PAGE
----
​​

Individual supervision or group supervision

Effective supervision practices can facilitate the professional development of the supervisee, the continued growth of the supervisor, and the overall development of our field and its practice. 

A practitioner's learning and continued development typically is fostered through concurrent use of individual and group supervision. Group supervision is unique in that growth is aided by the interactions occurring among group members. Care workers and counselors do not function in isolation, so the group becomes a natural format to accomplish professional socialization and to increase learning in a setting that allows an experience to touch many. Supervision in groups provides an opportunity for supervisees to experience mutual support, share common experiences, solve complex tasks, learn new behaviors, participate in skills training, increase interpersonal competencies, and increase insight (MacKenzie, 1990). The core of group supervision is the interaction of the supervisees.

Collaborative learning is a pivotal benefit, with the supervisees having opportunities to be exposed to a variety of cases, interventions, and approaches to problem solving in the group (Hillerband, 1989). By viewing and being viewed, actively giving and receiving feedback, the supervisee's opportunities for experimental learning are expanded; this characterizes group supervision as a social modeling experience. From a relationship perspective, group supervision provides an atmosphere in which the supervisee learns to interact with peers in a way that encourages self-responsibility and increases mutuality between supervisor and supervisee.

Groups allow members to be exposed to the cognitive process of other counselors at various levels of development (Hillerband, 1989). This exposure is important for the supervisee who learns by observing as well as speaking. Finally, hearing the success and the frustrations of colleagues gives the supervisee a more realistic model by which they can critique themselves and build confidence.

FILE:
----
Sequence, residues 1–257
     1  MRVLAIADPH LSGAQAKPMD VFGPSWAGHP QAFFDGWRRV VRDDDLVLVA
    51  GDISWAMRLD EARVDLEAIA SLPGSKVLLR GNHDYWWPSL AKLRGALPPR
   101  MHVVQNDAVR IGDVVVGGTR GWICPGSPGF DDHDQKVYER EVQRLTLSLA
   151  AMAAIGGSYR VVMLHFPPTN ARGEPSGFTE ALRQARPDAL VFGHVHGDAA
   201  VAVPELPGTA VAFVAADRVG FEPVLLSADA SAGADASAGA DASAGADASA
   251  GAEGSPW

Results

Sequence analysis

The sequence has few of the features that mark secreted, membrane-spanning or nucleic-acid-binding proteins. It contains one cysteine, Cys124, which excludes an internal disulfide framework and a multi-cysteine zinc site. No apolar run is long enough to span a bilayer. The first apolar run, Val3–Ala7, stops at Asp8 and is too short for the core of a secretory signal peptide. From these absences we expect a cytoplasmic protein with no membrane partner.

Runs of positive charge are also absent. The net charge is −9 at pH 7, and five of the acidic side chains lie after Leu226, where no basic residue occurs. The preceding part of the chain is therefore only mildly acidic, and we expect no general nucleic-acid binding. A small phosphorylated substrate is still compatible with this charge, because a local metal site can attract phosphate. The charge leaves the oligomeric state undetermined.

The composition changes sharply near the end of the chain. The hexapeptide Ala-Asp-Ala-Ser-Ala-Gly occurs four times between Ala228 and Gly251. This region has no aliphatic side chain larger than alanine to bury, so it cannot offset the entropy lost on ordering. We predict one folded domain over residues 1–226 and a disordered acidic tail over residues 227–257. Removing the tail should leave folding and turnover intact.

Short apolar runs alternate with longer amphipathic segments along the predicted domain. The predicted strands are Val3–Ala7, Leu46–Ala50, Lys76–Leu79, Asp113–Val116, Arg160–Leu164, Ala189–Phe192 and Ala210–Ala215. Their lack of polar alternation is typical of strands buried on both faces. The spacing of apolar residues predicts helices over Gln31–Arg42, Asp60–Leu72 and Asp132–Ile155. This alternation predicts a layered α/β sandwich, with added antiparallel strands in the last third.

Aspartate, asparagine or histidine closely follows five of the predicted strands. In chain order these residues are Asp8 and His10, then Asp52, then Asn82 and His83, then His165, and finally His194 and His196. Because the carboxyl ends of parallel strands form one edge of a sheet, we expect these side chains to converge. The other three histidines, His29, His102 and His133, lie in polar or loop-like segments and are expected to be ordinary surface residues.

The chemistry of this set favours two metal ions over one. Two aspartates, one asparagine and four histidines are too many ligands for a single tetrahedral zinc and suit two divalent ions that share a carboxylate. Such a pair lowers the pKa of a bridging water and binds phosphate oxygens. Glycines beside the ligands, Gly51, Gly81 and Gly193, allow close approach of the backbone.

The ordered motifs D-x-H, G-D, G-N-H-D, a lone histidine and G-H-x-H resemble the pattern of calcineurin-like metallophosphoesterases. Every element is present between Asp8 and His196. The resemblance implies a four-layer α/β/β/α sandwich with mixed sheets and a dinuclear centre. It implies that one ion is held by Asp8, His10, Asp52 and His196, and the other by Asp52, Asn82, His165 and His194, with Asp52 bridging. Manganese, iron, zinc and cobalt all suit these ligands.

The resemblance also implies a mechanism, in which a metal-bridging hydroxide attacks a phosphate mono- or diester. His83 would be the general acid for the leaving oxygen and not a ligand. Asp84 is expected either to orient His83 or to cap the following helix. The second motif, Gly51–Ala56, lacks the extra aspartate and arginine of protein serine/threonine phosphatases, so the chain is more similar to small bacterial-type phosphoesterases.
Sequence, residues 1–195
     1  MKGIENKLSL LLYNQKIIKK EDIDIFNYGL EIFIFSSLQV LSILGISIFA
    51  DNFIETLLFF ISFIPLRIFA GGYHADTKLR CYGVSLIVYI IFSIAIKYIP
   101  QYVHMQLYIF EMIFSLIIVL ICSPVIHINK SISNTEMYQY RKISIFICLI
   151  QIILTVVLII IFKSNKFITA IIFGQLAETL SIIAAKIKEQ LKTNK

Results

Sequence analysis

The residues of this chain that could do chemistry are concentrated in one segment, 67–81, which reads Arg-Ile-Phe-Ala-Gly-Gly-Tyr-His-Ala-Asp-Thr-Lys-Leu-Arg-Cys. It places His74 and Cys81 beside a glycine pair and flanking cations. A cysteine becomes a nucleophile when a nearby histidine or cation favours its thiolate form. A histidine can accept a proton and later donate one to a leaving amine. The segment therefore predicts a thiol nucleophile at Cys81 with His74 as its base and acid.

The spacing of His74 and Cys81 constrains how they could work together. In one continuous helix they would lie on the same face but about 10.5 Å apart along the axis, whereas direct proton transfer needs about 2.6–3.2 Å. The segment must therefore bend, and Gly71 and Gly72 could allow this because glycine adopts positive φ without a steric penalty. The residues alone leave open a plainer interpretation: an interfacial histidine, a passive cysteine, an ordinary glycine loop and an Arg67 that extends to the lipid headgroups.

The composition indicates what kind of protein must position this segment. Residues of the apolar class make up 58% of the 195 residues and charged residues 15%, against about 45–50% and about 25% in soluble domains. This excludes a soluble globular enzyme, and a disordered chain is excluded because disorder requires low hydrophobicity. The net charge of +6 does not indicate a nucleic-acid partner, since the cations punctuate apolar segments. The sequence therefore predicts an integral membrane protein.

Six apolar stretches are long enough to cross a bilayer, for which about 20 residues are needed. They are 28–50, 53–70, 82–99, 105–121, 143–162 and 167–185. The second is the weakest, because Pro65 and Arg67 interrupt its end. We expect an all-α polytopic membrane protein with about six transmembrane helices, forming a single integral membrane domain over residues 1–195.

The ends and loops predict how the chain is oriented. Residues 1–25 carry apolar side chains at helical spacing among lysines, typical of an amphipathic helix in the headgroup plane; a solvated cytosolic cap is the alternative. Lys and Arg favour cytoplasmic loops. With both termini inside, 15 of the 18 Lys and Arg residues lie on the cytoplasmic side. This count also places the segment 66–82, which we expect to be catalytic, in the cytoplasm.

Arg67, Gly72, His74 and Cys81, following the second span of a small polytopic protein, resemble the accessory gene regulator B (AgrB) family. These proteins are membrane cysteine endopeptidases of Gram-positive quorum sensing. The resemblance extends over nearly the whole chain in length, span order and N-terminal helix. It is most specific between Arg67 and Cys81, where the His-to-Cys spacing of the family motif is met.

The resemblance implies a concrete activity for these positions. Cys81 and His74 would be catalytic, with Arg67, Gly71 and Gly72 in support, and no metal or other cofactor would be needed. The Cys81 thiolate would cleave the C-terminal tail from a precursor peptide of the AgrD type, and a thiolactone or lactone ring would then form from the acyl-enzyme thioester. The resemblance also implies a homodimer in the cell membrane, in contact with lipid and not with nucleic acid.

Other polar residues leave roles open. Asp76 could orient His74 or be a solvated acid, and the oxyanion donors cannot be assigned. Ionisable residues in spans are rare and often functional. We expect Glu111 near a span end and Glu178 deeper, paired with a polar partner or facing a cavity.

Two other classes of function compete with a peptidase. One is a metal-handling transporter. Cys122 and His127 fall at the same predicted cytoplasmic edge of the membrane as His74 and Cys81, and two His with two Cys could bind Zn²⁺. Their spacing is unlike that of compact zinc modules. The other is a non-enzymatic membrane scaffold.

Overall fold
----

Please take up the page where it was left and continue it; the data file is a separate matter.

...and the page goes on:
Online supervision

Wherever you are working online you can benefit from the supervision process without loosing valuable working time through travel. It offeres flexibility when needing to have a holiday but need to finish off some loose ends of your work or to restart after a break. It connects you to your work when rehabilitating from illness or time out when family issues need your energy.

How much do I pay for supervision?

All fees are depending on income and will be agreed in the initial consultation:

  • Supervision (per 1 hour)  £ 45 - £ 75; consessions availabe for trainee supervise  

  • Group supervision fees are depending on the size of the group, for example a 2 hour supervision group with:

  • 2 - 3 supervise is £35 each

  • 4 - 5 supervise is £30 each

  • 6 or more supervise is £25 each

  • negotiable prices for agency/company teams

The following is an extract from the BACP website: